The three-quarter-mile walk between 13th and Euclid Streets and 18th and Columbia Road is usually alive with the cultural blend of black, white, and Hispanic faces and accents. My latent Latin blood never fails to stir at the beat of the Mexican salsa blasted from the Guatemalan disco shop.
Yet on this Thursday afternoon the streets seem oddly empty. The small concrete park in front of the Churreria Madrid restaurant, often filled with local musicians, lies bare.
I arrive at my destination, a family drop-in center, and learn that almost no one has come for its free lunches all week, and not many are expected for dinner.
In yet another "necessary" maneuver to improve our troubled economy, the Reagan administration approved efforts by the U.S. Immigration and Naturalization Service (INS) to oust "illegal aliens" from jobs that could be held by unemployed citizens. During the week of May 2, 400 INS agents descended on major cities like Chicago, Denver, Houston, New York, and Los Angeles, raiding workplaces. By the week's end, the Washington Post reported that about 5,800 people had been captured.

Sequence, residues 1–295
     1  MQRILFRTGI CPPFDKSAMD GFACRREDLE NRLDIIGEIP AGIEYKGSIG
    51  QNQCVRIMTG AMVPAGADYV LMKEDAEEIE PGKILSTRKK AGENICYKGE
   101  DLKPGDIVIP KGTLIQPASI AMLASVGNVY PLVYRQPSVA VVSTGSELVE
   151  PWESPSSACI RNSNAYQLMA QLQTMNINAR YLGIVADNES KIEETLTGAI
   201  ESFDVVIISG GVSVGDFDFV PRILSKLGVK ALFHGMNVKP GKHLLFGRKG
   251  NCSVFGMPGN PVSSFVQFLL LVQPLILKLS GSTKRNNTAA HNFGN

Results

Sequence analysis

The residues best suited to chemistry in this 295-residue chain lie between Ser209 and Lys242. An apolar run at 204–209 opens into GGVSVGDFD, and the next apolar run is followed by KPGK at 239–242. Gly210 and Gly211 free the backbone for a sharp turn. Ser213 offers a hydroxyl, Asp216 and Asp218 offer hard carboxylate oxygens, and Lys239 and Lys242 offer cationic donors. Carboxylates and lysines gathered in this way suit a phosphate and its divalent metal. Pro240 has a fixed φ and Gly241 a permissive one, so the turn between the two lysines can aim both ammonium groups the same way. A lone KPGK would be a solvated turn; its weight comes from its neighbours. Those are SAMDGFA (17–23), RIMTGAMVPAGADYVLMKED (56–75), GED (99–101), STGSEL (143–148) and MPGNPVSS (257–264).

The streets were empty in Washington that week because hundreds of Salvadorans, Mexicans, and other Latin Americans were in hiding, living in fear of "Operation Jobs." While I was at the drop-in center, Roberto told me he had seen five Latino men arrested by INS agents while crossing 18th Street. Juanita got word that another 200 had been arrested along nearby Connecticut Avenue.
Washington had not been mentioned on the official hit list, but the agents are here, and the people know it. Word spreads quickly among those who are being hunted. They know that Operation Jobs is officially sanctioned white-collar terrorism designed to unemploy the desperately needy and rid the country of "undesirables."